The motive for the martyrdom of Christ’s disciples during the tribulation will be "on account of My name." Just as we see in Revelation 12 that the dragon (Satan himself) will pour out his wrath on the Jewish remnant in the second half of the tribulation because of His hatred of God, so will these disciples of the Lord be killed "on account of My name." Since these unbelievers will not be able to get at the Lord Himself, they will go after the Lord’s disciples.
We see from an examination of Matthew 24:9 that more reasons are provided for the futurist understanding of the Olivet Discourse, as against the preterist. We also see that our understanding of this verse also provides further reasons to understand that the birth pangs of Matthew 24:4–14 refer to the first half of the seven-year tribulation. Further coordination between the events of Matthew 24:4–14 are seen in the parallel of verse 9 with the fifth seal judgment of Revelation 6:9–11. Maranatha!
(To Be Continued . . .)
 Randolph O. Yeager, The Renaissance New Testament, 18 vols. (Bowling Green, KY: Renaissance Press, 1978), vol. 3. p. 281.
 W. E. Vine, Expository Dictionary of New Testament Words, (Fleming H. Revell Co,: Old Tappan, NJ, n.d.), p. 123.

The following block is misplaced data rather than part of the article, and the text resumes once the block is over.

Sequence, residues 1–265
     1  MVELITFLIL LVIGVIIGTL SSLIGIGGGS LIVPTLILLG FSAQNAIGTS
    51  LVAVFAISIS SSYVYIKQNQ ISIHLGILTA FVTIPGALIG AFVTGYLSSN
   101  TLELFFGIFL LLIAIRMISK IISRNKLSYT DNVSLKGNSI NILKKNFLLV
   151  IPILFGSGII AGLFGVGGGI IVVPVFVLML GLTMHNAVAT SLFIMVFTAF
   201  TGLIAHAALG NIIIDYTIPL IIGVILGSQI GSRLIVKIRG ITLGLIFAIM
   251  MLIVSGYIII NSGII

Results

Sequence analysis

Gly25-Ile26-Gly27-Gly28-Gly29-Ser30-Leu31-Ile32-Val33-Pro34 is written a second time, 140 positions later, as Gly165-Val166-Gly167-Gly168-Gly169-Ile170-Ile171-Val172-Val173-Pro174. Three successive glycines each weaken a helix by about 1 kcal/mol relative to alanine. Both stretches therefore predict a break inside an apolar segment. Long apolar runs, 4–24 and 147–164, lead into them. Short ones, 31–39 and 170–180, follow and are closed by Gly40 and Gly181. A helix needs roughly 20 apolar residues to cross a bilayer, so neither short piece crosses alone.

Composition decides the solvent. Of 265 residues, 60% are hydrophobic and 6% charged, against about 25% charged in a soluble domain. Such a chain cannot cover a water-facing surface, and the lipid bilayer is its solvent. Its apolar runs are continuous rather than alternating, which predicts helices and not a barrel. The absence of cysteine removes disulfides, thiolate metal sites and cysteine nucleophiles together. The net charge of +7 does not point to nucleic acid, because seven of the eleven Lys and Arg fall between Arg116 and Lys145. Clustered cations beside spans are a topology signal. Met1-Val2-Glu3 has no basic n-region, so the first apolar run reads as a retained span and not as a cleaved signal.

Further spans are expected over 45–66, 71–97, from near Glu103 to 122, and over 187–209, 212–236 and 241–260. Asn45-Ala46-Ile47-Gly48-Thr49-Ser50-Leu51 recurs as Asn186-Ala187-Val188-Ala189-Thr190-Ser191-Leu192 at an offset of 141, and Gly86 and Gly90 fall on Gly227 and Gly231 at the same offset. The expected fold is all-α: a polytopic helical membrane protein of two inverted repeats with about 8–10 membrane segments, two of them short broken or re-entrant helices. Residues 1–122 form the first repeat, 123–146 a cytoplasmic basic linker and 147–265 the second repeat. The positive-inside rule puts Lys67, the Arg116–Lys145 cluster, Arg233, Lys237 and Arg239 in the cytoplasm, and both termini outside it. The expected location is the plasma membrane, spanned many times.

James R. Gray, Prophecy on The Mount: A Dispensational Study of the Olivet Discourse (Chandler, AZ: Berean Advocate Ministries, 1991), p. 54.
 Robert Govett, The Prophecy on Olivet (Miami Springs, FL: Conley & Schoettle Publishing Co.,  1985), p. 22.
 Gary DeMar, Last Days Madness: Obsession of the Modern Church (Powder Springs, GA: American Vision, 1999), p. 58.
 James Morison, A Practical Commentary on the Gospel According to St. Matthew (London: Hodder and Stoughton, 1883), p. 460.
 DeMar, Last Days Madness, p. 83.
 Heinrich August Wilhelm Meyer, Critical and Exegetical Handbook to The Gospel of Matthew, 2 vols. (Edinburgh: T. & T. Clark, 1879), vol. 2, p. 132.
 M. F. Sadler, The Gospel According to St. Matthew: with Notes Critical and Practical (London: George Bell and Sons, 1898), p. 356.
 William Hendricksen, The Gospel of Matthew (Grand Rapids: Baker Book House, 1973), p. 853.
 Gray, Prophecy on The Mount, pp. 53-54.
 I hesitate to use the term "pre-wrath rapture" of Rosenthal’s view, since the pre-trib position is certainly pre-wrath as well. Other rapture nomenclature refers to when the rapture will take place in relation to the seven-year tribulation. Thus, Rosenthal’s view would more aptly be titled the three-quarters rapture view.
 Marvin Rosenthal, The Pre-Wrath Rapture of The Church (Nashville: Thomas Nelson Publishers, 1990), p. 105.
 Rosenthal, Pre-Wrath Rapture, pp. 104-05.
 W. D. Davies and Dale C. Allison, Jr., A Critical and Exegetical Commentary on The Gospel According to Saint Matthew, 3 vols. (Edinburgh: T & T Clark, 1997), vol. 3, p. 341.
 John MacArthur, The New Testament Commentary: Matthew 24–28 (Chicago: Moody Press, 1989), p. 23.
 Arno C. Gaebelein, The Gospel of Matthew: An Exposition (Neptune, NJ: Loizeaux Brothers,  1961), pp. 483–84.